“This is a chorus that has been sang by a number of associations that have been championing youth issues. Sections 20 of the Constitutions creates platform for national policy but not constitutional right. It obligates the government to create a national policy,” commented Dr Tsabora.
Dr Tsabora said this equates to the scenario were by the current government passed the Gender Law to compel a 50-50 gender representation, thus the youth policy will also compel the government to make sure they have youth representation which is what the petitioner is pushing for.
“It is the boy’s right, section 149 of the Constitution give people of Zimbabwe the right to petition the parliament on any issues arising,” said Dr Tsabora.
He added, “I hear there are some developments to this issue, but it has to be made clear whether the developments are towards objectives or rights, It has to be clear from the word go.”
Speaking on the same issues National Association of Youth Organizations (NAYO) pogrammes manager MacDonald Munyoro said they are actually picked the same issues that was raised by Guta in the press and started the ball rolling on that front as NAYO.
“We actually picked this from the press and as NAYO, we have decided to help the youths constituency push for the commission which will represent them. This is something that the Parliamentary Portfolio Committee through parliament is now tasked to look at and say is this something that young people could need,” said Munyoro.
Munyoro went on to point out loopholes poised by section 20 of the Constitution which is supposed to be giving the youth constituency enough security.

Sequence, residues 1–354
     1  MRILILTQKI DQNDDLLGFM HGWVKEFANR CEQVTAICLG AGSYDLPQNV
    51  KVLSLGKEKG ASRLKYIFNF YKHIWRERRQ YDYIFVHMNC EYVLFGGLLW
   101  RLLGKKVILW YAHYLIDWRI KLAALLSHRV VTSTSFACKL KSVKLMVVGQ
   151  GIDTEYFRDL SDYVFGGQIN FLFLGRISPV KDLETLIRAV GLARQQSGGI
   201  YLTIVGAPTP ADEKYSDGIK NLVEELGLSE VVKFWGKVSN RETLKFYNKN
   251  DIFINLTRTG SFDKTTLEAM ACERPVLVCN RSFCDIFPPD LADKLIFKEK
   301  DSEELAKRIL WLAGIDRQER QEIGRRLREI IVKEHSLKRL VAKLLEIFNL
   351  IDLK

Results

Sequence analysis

“The sad thing is that while we are recognized through section 20 of the Constitution, it falls under the national objectives of the Constitution. So in essence, when the government looks at the national objectives, those in essence are meant to guide government in terms of coming up with policy frame works that relate to that specific constituency. Unlike the women, they went further to appear in the national objective and also to appear in the section that elaborates the rights of specific groups. We for instance in the Constitution, apart from a national objective laying the policy focus and thrust of government to women, it also goes further to guarantee certain rights which you can then begging to demand at law. The government has got no option but to avail those specific rights to women which I think then places us as youth in a difficult place. Despite being recognized through section 20, but when government looks at it at law, it might not have that binding strong commitments when it comes to young people.”
He added, “This then leaves us as youths with a homework to be creative and say what then do we do with section 20. I think what this young man has done, for me constitutes some of the creative thinking that is emerging from young people to say, how do we make this Constitution begin to work and save us. There is no mechanism in section 20 that guarantees specific rights of youths.However, with the Youth Commission in place, it will then assume specific roles specifically for the youth constituency.”